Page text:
Escalating Trade Tensions Continue to Weigh on Agricultural Exports
November 15, 2018
Written By Adam Buckallew
Farmers hoping for a quick resolution to the trade war between the United States and China may be kept waiting for the foreseeable future. The commercial conflict escalated when President Donald Trump instructed his administration to enact $200 billion of new tariffs on a wide array of Chinese goods by Sept. 24.
Before Beijing had even announced its decision to retaliate with fresh levies of its own on $60 billion of U.S. products, Trump threatened he would “immediately pursue phase three” which would impose an additional $267 billion worth of border taxes covering virtually all Chinese exports to the United States.
The latest tit-for-tat tariffs have intensified the dispute between the world’s two largest economies and dimmed the prospects of a return to the negotiating table in the short term. As Trump and Chinese President Xi Jinping take turns slapping special taxes on imports from their counterpart’s country, the two sides plunge deeper into a protracted trade war without an off-ramp in sight.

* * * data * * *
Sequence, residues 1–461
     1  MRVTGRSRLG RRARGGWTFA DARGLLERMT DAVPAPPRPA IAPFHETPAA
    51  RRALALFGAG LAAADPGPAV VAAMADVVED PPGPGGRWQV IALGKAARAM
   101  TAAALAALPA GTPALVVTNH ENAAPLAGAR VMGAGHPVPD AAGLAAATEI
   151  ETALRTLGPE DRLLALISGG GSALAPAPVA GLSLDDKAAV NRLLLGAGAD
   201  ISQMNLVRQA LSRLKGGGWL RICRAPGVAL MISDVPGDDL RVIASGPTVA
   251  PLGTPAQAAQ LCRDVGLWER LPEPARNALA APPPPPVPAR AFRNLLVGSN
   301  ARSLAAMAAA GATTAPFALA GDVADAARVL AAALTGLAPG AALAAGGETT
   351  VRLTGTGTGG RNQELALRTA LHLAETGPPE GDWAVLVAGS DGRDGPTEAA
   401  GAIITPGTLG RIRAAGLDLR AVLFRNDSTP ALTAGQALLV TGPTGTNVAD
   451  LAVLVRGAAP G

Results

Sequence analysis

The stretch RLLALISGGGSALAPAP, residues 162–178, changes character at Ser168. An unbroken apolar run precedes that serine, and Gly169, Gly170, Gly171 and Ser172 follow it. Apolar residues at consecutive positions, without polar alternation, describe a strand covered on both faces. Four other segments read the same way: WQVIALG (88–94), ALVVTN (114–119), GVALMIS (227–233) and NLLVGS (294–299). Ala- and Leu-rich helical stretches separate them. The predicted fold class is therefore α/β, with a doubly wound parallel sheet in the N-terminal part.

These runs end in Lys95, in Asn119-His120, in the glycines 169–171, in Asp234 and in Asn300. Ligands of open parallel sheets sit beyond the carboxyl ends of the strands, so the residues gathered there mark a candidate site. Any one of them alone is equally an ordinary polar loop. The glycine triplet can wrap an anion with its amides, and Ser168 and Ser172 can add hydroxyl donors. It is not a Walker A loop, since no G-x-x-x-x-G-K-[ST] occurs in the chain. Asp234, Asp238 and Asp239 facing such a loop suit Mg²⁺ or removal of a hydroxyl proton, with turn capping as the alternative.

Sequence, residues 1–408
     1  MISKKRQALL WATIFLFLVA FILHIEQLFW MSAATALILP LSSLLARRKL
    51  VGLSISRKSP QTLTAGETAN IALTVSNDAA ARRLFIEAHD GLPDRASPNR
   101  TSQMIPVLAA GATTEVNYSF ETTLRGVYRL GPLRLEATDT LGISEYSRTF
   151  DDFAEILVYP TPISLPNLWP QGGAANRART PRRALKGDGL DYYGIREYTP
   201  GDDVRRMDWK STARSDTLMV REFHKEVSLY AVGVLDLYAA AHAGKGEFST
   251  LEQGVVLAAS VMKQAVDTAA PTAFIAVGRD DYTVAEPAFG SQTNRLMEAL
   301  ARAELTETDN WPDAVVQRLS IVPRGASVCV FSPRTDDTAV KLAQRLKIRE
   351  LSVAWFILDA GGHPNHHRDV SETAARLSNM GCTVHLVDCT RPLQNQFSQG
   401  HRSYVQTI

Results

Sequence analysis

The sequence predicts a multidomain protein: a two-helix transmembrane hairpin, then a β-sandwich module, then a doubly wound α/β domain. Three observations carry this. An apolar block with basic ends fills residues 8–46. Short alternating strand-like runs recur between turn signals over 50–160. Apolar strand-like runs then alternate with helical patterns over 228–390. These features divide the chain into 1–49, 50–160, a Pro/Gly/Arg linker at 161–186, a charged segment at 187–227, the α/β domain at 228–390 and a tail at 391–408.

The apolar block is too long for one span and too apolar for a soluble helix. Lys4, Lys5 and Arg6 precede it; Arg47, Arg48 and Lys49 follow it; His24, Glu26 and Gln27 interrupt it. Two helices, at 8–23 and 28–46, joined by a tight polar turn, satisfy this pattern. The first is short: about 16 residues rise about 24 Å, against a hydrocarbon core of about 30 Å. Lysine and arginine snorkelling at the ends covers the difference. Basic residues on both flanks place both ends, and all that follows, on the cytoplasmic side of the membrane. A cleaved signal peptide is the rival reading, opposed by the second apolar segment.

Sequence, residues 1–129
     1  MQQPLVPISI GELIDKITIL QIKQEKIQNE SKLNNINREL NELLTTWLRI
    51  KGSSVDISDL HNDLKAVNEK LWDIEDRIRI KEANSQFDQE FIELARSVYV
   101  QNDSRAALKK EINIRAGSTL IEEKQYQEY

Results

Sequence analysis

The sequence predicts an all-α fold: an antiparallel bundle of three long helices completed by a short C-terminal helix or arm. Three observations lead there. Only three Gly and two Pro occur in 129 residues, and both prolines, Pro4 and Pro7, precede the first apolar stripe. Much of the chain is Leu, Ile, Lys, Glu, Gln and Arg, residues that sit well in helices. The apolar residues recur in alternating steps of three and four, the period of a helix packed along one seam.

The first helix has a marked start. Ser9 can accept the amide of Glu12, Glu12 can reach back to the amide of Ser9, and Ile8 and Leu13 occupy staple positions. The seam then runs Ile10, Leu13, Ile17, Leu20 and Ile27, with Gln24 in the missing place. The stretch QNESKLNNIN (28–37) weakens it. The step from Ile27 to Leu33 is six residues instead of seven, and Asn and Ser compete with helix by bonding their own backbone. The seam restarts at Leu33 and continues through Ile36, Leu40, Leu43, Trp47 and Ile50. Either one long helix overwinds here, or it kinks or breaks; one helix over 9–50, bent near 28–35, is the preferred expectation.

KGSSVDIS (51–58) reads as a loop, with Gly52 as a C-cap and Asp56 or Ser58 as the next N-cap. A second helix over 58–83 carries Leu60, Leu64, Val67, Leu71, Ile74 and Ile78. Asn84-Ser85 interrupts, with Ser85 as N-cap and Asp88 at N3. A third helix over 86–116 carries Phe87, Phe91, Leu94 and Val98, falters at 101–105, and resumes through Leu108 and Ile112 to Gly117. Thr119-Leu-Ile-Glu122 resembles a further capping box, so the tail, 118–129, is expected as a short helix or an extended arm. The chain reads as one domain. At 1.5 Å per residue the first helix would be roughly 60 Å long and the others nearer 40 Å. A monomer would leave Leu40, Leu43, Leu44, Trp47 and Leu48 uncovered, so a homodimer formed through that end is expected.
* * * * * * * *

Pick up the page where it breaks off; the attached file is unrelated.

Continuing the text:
As the trade war rages on, the agricultural community has borne the brunt of the fallout. Already weakened by years of low commodity prices, many farmers and livestock producers find themselves in precarious positions that have only been exacerbated by the ratcheting of trade tensions.
“As we head into the 2018 harvest season for corn and soybean out here in Iowa, this escalation of the trade conflict really couldn’t come at a worse time,” Iowa Agriculture Secretary Mike Naig said in an interview with CNBC. “Our farmers understand that there are issues that need to be resolved, particularly with China. But there is no doubt that the retaliatory tariffs are impacting our marketplace and our producers negatively.”
China has imposed hefty tariffs on more than 90 percent of the U.S. agricultural exports headed to its shores in response to tariffs enacted by the Trump Administration. Nearly $20 billion in U.S. agricultural exports went to China last year, with more than half of that amount coming from soybeans. Since the talk of tariffs began this summer, soybean prices have dropped more than $2 a bushel.
Livestock producers are feeling pinched too. U.S. pork exports by volume to China are 58 percent lower than they were at this time in 2017 and 80 percent lower than this point in 2016.
In August, the Trump Administration announced it will provide up to $12 billion in emergency aid to farmers to offset losses caused by retaliatory tariffs. While most farm groups have expressed appreciation for the assistance, they have made it known they would prefer “trade not aid” and that the payments would be insufficient in making farmers whole.